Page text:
An expat´s guide to Beirut

expat's guide to Beirut

There’s never a dull moment for an expat living in Beirut – just ask Amy E. Robertson, a Seattle native and travel-obsessed freelance writer who moved to Lebanon's capital in 2012. Amy blogs about life in Beirut at Gardenias in Beirut, and you can also follow her on Twitter @traveler0603.

expat's guide to Beirut

The historic mosque

Al-Omari Mosque "encapsulates Beirut’s history in a single structure," Amy says. "The building began as a Byzantine church that was built on the ruins of Roman baths. It was converted into a mosque in 635, which lasted until the Crusaders turned it into the Cathedral of St. John in 1115. It was turned back into a mosque by the Mamluks in 1291 and remains a lovely mosque to visit, with its old stone walls and beautifully painted ceiling."

The mosque is located less than a 20-minute walk from our Radisson Blu Martinez Hotel, Beirut. "It welcomes visitors," Amy adds, "and has a rack of hooded black robes available at the entrance for female tourists who may not have arrived appropriately attired."

The perfect souvenir

“While the streets of Hamra are filled with stereotypical kitsch such as t-shirts and jangly belly-dancing scarves, those looking for a more creative memento of Beirut should head back to Gemmayze and Mar Mikhael during the day,” Amy says. Her top picks for shopping in these neighbourhoods are Plan Bey, an arts and culture concept store, which sells postcards of images from the civil war, modern prints and graphic novels by local authors, and hand-printed notebooks. Their neighboring exhibition space offers an ever-changing supply of souvenirs, such as Kurdish-Syrian kilims and hand-painted ceramics. Artisan du Liban – brimming with hammered pewter plates, ancient fish fossils and hand-painted Arabic coffee cups – is my go-to shop when I’m preparing to bring presents back home.”expat's guide to Beirut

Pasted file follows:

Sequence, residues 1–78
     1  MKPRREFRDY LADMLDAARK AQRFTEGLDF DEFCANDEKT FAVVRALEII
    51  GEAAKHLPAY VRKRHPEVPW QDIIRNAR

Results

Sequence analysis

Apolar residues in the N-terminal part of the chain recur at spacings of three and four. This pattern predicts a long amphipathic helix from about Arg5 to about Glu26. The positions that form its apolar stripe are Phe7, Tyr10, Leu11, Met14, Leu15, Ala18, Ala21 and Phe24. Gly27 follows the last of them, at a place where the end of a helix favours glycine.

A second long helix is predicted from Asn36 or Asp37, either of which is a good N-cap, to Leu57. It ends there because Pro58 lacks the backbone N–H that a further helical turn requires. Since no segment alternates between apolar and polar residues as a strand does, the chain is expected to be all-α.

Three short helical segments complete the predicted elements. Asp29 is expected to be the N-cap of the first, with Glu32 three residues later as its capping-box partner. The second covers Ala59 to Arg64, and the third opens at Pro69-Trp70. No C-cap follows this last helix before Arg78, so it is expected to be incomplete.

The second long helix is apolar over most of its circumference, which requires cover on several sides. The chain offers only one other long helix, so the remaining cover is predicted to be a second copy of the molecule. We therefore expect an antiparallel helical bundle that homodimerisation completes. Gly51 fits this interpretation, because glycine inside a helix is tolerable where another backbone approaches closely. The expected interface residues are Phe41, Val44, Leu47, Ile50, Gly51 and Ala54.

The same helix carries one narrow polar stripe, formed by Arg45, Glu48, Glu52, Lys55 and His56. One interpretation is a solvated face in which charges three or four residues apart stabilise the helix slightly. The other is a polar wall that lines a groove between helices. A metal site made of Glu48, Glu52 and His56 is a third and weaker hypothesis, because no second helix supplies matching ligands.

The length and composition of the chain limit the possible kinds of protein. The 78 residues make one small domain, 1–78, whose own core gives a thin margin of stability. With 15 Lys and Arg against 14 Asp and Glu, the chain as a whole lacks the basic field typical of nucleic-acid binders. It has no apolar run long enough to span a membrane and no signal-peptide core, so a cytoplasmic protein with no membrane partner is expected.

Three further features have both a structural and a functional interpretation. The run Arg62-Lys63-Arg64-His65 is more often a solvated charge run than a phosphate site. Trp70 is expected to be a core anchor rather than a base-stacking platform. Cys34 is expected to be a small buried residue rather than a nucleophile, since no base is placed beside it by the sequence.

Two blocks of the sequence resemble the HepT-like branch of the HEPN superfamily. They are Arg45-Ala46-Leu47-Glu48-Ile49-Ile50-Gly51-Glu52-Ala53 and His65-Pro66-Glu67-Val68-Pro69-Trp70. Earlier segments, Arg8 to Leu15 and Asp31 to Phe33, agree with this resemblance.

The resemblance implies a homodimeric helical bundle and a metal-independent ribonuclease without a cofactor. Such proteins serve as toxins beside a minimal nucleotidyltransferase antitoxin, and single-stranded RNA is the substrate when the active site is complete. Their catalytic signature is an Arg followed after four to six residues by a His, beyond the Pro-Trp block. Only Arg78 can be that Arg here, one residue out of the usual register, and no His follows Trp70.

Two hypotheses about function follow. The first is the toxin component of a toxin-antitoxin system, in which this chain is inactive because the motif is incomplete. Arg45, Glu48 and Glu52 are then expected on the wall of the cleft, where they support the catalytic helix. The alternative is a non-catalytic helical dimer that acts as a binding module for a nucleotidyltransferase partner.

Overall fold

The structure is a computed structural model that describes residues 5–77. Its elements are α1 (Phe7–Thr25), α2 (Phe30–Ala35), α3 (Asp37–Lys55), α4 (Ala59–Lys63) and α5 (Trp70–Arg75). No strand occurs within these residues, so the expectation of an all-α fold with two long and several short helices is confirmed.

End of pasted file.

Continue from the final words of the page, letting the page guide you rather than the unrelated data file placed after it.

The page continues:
Meals as good as Grandma's

"Lebanon is famed for its food, and like everywhere else in the Mediterranean, it tends to be at its best when prepared by someone’s mom or grandma," Amy explains. "Those of us who don’t have relatives here can head to restaurants like Achghalouna, where underprivileged women prepare a traditional lunch that is served in the garden of a lovely old Lebanese house, or Tawlet, where women from different parts of Lebanon come to share their regional specialties." 

Tawlet is located across the street from the office headquarters of Souk el Tayeb, a weekly open-air farmers market that maintains the feel of a traditional souk while focusing on the products of small-scale farmers.

Nightlife in Beirut

"In a city famed for its nightlife, the choice of where to go out can get overwhelming," Amy admits. "Mar Mikhael is the current 'it' neighborhood, and two of my favorite spots are Internazionale, a classy but unpretentious cocktail bar whose crowd spills out onto the street on warm evenings, and Junkyard, a restaurant made of repurposed shipping containers, whose mood and crowd are far more glam than grunge. I love its cocktails and the retro bartenders in vest and tie."

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